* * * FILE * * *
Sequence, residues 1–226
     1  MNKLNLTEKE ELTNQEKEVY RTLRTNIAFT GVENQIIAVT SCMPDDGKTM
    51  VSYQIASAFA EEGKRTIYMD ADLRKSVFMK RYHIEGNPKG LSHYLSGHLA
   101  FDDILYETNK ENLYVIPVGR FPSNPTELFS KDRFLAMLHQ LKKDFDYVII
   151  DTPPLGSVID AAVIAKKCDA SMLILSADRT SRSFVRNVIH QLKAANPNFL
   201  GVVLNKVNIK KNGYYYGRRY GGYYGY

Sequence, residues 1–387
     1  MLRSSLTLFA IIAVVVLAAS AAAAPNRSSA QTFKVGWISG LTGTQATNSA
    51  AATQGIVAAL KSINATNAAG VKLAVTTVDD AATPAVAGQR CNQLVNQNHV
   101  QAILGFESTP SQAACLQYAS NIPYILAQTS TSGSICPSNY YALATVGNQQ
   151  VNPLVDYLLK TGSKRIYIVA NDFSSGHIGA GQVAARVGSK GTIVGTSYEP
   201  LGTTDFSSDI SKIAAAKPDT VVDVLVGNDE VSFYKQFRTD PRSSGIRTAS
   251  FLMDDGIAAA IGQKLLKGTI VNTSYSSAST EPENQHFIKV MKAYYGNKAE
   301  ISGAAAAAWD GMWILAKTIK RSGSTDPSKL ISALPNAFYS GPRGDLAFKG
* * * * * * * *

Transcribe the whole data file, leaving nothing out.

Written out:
Sequence, residues 1–226
     1  MNKLNLTEKE ELTNQEKEVY RTLRTNIAFT GVENQIIAVT SCMPDDGKTM
    51  VSYQIASAFA EEGKRTIYMD ADLRKSVFMK RYHIEGNPKG LSHYLSGHLA
   101  FDDILYETNK ENLYVIPVGR FPSNPTELFS KDRFLAMLHQ LKKDFDYVII
   151  DTPPLGSVID AAVIAKKCDA SMLILSADRT SRSFVRNVIH QLKAANPNFL
   201  GVVLNKVNIK KNGYYYGRRY GGYYGY

Sequence, residues 1–387
     1  MLRSSLTLFA IIAVVVLAAS AAAAPNRSSA QTFKVGWISG LTGTQATNSA
    51  AATQGIVAAL KSINATNAAG VKLAVTTVDD AATPAVAGQR CNQLVNQNHV
   101  QAILGFESTP SQAACLQYAS NIPYILAQTS TSGSICPSNY YALATVGNQQ
   151  VNPLVDYLLK TGSKRIYIVA NDFSSGHIGA GQVAARVGSK GTIVGTSYEP
   201  LGTTDFSSDI SKIAAAKPDT VVDVLVGNDE VSFYKQFRTD PRSSGIRTAS
   251  FLMDDGIAAA IGQKLLKGTI VNTSYSSAST EPENQHFIKV MKAYYGNKAE
   301  ISGAAAAAWD GMWILAKTIK RSGSTDPSKL ISALPNAFYS GPRGDLAFKG